McCarthy saw blue water at the North Pole while serving as a lecturer on a Russian cruise ship in early August. He said that the Russian captain told him that he had never seen open water at the pole in ten previous voyages. (Presumably these go back 50 million years.)

A fellow cruise lecturer, Malcolm C. McKenna, a paleontologist at the American Museum of Natural History, told the Times that, “I dont know if anybody in history ever got to 90 degrees north to be greeted by water, not ice.” McKenna provided the photo that the Times ran.

Apparently the Times published the story without first checking with any polar experts or even with anyone with common sense. Experts were uniformly dismissive and scoffing in their comments. Dr. Peter Wadhams, director of the Scott Polar Institute at Cambridge University, told the Times of London that, “Claims that the North Pole is now ice-free for the first time in 50 million years is complete rubbish, absolute nonsense.”

Ian Allison, a glaciologist with the Australian Antarctic Division, told the Australian that open water at the North Pole was highly unusual, but that global warming was not involved. Instead, he explained that ocean currents pack and break apart huge ice sheets with vast force.

S. Fred Singer, president of the Science and Environmental Policy Project, wrote, “I am a veteran of two Arctic expeditions with the US Navy, and I can testify that icebreakers always search for leads to make their way through the ice. After a long summer of 24-hour days it is not unusual to find open leads all over the place, especially after strong winds break up the winter ice.”

Patrick Michaels, climatologist at the University of Virginia, told National Review Online that temperature records show no Arctic summer warming for the past 70 years.

Although ABC News picked up the story hook, line, and sinker, even National Public Radio expressed doubt. It noted that the ice sheet often breaks apart and open water appears.

Airlines Become Top Kyoto Target

The British government has promised to push for action to reduce greenhouse gas emissions produced by air travel, according to an August 6 article in the Observer of London. The pledge comes in response to a report released to the public on August 15 by the Institute for Public Policy Research (, which describes itself as “Britains leading centre-left think tank.”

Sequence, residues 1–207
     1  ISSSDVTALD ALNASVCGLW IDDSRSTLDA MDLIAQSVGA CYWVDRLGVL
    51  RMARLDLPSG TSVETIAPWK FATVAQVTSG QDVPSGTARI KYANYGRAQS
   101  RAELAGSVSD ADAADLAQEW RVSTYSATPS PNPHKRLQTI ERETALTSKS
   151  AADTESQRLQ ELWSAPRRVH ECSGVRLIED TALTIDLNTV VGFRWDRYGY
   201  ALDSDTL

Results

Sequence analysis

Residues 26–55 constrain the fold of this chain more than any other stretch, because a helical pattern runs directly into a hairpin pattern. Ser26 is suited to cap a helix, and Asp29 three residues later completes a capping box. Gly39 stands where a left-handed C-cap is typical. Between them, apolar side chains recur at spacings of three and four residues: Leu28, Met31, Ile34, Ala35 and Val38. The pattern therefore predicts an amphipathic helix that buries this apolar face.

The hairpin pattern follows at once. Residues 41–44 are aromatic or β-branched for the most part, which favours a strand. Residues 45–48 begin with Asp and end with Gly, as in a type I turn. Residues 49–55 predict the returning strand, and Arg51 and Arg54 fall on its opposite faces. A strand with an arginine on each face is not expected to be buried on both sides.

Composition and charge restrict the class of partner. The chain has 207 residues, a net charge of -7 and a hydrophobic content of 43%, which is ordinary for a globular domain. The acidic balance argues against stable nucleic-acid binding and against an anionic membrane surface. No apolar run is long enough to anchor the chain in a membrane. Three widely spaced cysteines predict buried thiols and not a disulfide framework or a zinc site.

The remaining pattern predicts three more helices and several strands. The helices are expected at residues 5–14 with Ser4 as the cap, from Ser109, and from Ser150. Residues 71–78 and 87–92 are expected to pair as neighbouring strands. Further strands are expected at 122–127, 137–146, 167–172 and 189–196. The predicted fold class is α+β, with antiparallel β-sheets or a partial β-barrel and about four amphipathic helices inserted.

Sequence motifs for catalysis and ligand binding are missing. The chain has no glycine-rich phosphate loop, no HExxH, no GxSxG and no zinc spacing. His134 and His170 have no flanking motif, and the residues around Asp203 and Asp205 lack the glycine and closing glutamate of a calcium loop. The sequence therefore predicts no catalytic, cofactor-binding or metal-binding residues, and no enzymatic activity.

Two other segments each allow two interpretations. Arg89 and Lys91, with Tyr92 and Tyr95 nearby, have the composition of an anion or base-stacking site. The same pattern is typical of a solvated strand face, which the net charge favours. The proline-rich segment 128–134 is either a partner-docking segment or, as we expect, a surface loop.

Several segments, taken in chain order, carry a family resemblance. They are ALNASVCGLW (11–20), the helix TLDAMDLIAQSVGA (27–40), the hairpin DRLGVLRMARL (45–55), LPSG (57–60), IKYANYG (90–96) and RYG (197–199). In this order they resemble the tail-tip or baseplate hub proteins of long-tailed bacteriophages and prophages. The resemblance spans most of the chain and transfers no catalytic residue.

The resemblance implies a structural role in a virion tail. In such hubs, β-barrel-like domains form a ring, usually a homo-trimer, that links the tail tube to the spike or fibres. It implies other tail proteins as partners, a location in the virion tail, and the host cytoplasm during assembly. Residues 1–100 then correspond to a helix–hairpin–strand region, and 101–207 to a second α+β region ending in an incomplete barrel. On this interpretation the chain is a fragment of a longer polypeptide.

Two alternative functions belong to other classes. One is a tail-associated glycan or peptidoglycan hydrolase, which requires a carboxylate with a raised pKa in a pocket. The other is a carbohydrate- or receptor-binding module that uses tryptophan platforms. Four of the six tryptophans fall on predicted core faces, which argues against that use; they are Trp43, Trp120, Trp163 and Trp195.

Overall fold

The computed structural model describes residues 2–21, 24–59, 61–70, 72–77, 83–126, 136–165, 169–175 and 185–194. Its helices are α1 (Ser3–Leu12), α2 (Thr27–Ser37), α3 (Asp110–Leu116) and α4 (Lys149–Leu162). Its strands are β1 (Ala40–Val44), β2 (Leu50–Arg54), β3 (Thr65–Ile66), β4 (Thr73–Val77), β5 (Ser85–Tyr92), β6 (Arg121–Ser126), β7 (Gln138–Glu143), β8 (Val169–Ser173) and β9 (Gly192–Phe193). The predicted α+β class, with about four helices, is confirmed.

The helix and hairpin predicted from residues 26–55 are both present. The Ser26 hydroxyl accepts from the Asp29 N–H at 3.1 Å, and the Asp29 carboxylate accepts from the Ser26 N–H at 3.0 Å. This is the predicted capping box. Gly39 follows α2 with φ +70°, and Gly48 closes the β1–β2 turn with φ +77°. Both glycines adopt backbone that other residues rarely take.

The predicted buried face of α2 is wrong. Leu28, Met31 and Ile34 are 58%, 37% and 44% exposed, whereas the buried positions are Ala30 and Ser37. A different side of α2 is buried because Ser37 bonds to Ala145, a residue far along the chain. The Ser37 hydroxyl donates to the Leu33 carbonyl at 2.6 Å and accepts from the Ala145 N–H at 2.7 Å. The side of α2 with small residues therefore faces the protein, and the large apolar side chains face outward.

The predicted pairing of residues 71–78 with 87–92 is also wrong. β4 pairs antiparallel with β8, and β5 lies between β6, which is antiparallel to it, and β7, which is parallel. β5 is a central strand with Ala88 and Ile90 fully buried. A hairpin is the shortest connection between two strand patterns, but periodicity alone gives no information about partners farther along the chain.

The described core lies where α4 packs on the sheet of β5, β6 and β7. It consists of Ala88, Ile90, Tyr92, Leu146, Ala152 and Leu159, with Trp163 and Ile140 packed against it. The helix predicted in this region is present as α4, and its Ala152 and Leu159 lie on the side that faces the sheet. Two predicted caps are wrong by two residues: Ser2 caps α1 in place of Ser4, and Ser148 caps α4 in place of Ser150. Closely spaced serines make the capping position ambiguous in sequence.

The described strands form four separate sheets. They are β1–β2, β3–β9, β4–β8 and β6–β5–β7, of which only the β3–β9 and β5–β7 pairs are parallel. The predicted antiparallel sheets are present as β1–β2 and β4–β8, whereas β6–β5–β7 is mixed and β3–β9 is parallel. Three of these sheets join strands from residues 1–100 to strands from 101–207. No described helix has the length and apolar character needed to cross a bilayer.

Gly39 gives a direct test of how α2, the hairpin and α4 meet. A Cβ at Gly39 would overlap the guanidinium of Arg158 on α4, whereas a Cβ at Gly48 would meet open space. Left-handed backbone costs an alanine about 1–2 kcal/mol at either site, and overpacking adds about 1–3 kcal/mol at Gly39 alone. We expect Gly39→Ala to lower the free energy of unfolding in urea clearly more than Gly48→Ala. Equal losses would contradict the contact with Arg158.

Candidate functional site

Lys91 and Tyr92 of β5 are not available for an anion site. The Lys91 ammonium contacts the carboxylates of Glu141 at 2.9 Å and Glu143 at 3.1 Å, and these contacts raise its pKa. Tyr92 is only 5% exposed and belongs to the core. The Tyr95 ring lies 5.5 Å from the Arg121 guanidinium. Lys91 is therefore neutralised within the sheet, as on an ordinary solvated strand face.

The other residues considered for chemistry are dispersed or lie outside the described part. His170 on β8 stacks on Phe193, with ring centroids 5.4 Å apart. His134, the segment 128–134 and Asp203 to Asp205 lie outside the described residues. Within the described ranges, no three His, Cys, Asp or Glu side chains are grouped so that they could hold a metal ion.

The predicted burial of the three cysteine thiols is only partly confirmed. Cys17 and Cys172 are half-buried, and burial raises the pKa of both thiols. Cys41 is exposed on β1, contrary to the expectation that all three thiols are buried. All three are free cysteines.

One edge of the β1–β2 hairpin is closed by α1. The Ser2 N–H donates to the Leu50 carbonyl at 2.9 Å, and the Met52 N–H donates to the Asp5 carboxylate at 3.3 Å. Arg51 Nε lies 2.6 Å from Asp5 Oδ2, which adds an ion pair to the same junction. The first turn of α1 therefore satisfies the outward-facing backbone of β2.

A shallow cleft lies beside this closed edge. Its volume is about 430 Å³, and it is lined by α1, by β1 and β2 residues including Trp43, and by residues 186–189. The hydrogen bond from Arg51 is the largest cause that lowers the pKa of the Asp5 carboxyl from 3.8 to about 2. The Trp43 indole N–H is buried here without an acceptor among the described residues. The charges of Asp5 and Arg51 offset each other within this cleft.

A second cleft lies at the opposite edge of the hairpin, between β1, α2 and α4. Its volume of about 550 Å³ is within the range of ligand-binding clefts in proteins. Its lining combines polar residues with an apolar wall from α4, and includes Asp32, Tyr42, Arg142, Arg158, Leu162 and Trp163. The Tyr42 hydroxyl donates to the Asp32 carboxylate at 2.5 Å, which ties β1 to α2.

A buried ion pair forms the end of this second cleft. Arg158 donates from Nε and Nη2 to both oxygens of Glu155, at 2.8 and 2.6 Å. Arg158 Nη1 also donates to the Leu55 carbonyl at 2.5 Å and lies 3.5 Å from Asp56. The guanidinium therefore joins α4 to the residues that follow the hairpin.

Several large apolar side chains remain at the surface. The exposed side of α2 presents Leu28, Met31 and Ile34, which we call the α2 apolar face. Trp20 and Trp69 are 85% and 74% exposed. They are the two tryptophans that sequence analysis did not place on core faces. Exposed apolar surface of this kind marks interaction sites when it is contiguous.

The IPPR report, “Plane Trading,” says that commercial air travel produces 15 times more carbon dioxide emissions per passenger mile than bus travel and twice more than passenger trains. This makes airlines the “most environmentally damaging method of transport in the world,” according to the Observer.

Chris Hewlett, co-author of the report, was quoted in an August 15 Reuters story as saying that, “Incorporating aviation emissions into emissions trading is the most feasible solution to the problem and would probably deliver the best environmental result.” (Short of banning air travel for the unprivileged, of course.)

The IPPR recommends that airlines should be given a fixed and declining number of emissions allowances. Thus airline passengers would indirectly pay for offsetting emissions reductions made in other industries.

Dairy Cows Under Threat

Reports have begun to trickle out of Australia about another serious economic threat posed by potential global warming. According to a study conducted by Dr. Robert Jones of the Commonwealth Scientific and Industrial Research Organizations Atmospheric Research Centre in Victoria, hot dairy cows produce less milk than cooler cows.

The study of high-yield dairy herds in the Hunter Valley in New South Wales shows that dairy cows left out in the sun produced approximately 230 liters (or 3%) less milk per year than cows kept under shelter. These losses could mount up to 310 litres per year by 2030 as global warming gets a grip on the island-continent down under.

Dr. Jones told the Australian Associated Press (August 18) that using shade sheds and sprinklers could reduce these losses to 50 to 90 litres per cow per year. Such measures will become increasingly cost effective as temperatures soar.

U.S. Proposes Carbon Sinks for Kyoto

The U.S. filed a proposal on August 1 to the United Nations office overseeing the Kyoto negotiations that would allow countries to get credit towards their Kyoto targets by using forests and crops to absorb carbon dioxide. The Clinton-Gore Administration estimates that the U.S. could receive credit for 300 million metric tons per year for carbon dioxide being stored in trees, crops and soil, accounting for nearly half of the reductions required by the Kyoto Protocol.

The administration said that “Given the growth in the economy and fuel use since 1990the only way to come anywhere near that target [7 percent below 1990 levels] is by adopting every possible strategy, including the agricultural approach,” according to the New York Times (August 2, 2000). It also noted that “In additionbringing farmers and foresters into the battle is likely to be crucial if the Senate, which has so far firmly opposed ratifying any international climate treaty, is to change its view.”